This season, the men’s basketball team (19-12, 8-6 Ivy) finished with its most Ivy wins, best winning percentage, and best standing in the conference in two decades, and its most overall wins in over 40 years—a massive step forward for a young team that had graduated two starters.
Right from the start of the season, players and coaches said the preseason media poll—which pegged Columbia to finish last in the conference—was misguided.
“We’ve addressed it,” sophomore guard Grant Mullins said prior to the start of the season. “We use it as motivation.”
After dropping its second and third games of the season in familiar fashion to Manhattan and then-No. 2 Michigan State—close games blown in the final minutes—the Light Blue looked headed for another season full of competitive performances ending in losses instead of wins.
“There’s a lot of things we need to get better at,” head coach Kyle Smith said after the loss to the Spartans. “But to play the No. 1—well, probably will be the No. 1—team in the country down to the last couple minutes—have opportunities—should help us going forward.”
The close-game jitters went away and the Light Blue took off. The Lions closed nonconference play on a 10-4 run, either winning handily or losing on the road to a quality opponent, with the exception of an overtime win at Colgate. Columbia’s defense was generally top-notch and its three-point shooting, clicking at over 40 percent, of capable of putting away opponents regularly. And the Lions carried their strong play to the start of the conference season, sweeping Cornell.
After the Light Blue dropped road games against Brown and Yale, two opponents that matched up well against Columbia thanks to their strong inside games, the team went to Princeton, where it won for the first time in 21 years. But it also lost sophomore starting guard Grant Mullins to a concussion.
Unlike last season, when illnesses and injuries in the backcourt sunk Columbia’s season, the 2014 Lions were able to pick up the slack in Mullins’ absence.
In the late stages of nonconference play, junior guard Meiko Lyles had been seeing more minutes, while junior guard Steve Frankoski, who sported a cast on his wrist until December, had been working his way back into the lineup. Junior forward Alex Rosenberg, who led the Ancient Eight in conference scoring, also had finally secured a permanent spot in the starting lineup.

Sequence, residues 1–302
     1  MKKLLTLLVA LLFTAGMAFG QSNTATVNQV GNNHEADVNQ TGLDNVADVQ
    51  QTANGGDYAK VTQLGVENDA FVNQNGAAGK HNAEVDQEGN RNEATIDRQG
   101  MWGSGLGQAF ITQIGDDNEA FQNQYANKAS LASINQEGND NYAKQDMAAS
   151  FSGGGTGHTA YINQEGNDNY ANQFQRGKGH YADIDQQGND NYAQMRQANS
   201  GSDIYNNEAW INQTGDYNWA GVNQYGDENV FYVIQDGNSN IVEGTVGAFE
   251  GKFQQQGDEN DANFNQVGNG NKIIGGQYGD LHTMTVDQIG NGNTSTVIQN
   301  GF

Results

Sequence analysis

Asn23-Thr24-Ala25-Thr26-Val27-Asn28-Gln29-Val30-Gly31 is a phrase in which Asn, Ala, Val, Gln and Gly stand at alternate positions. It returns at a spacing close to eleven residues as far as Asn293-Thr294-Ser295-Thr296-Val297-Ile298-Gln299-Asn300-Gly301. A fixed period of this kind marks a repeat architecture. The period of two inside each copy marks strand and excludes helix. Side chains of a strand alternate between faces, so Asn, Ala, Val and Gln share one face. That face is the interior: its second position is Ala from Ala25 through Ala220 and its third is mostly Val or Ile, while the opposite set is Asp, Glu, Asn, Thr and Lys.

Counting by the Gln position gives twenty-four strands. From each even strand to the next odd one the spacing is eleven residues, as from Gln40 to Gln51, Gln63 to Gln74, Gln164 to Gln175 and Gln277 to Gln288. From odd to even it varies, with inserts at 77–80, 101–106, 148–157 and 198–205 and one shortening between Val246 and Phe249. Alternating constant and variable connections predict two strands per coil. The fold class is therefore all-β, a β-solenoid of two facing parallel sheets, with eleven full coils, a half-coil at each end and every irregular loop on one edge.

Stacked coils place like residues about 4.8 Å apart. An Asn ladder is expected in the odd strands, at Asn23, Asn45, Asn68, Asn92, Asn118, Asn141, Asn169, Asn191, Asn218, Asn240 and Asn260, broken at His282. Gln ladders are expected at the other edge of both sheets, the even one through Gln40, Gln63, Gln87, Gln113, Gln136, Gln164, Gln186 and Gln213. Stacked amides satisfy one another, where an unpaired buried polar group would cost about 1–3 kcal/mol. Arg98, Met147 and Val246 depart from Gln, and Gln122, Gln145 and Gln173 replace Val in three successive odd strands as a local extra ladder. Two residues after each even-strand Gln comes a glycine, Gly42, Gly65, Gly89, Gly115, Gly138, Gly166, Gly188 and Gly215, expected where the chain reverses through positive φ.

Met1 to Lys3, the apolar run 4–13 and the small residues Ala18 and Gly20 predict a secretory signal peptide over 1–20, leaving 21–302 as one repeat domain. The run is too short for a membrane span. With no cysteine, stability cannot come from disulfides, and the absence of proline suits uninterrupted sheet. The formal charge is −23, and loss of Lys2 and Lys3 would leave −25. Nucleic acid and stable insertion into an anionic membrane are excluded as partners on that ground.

Their increased contributions were critical in light of Mullins’ injury.
Rosenberg averaged over 20 points per game over the remainder of the season despite more responsibilities, while sophomore starting guard Maodo Lo averaged 17. Lyles’ defensive work was key for Columbia on multiple occasions, including in the double-overtime loss to Harvard, and Frankoski started his best run of the season with two game-changing plays on loose balls the following night against Dartmouth, according to Smith.
“That’s what these Ivy League games come down to—just one or two of those plays which you gotta make,” Smith said after the win over the Big Green.
Behind 41 points from Rosenberg, the Lions swept Brown and Yale at home for their first Ivy weekend sweep in five years. But they couldn’t put in a strong final two weekends, playing very well at Dartmouth and versus Penn but not really competitive at Harvard or versus Princeton, falling one win short of 20.
“This league is the Ancient Eight ... It’s so hard to break the status quo,” Smith said after the win over Penn. “It’s just making ourselves relevant.”
But Columbia finished tied for third in the conference standings and, barring unforeseen circumstances, should return its entire roster next year.
“I think the majority of us came from winning programs in high school,” Rosenberg said on Friday. “We want to win.”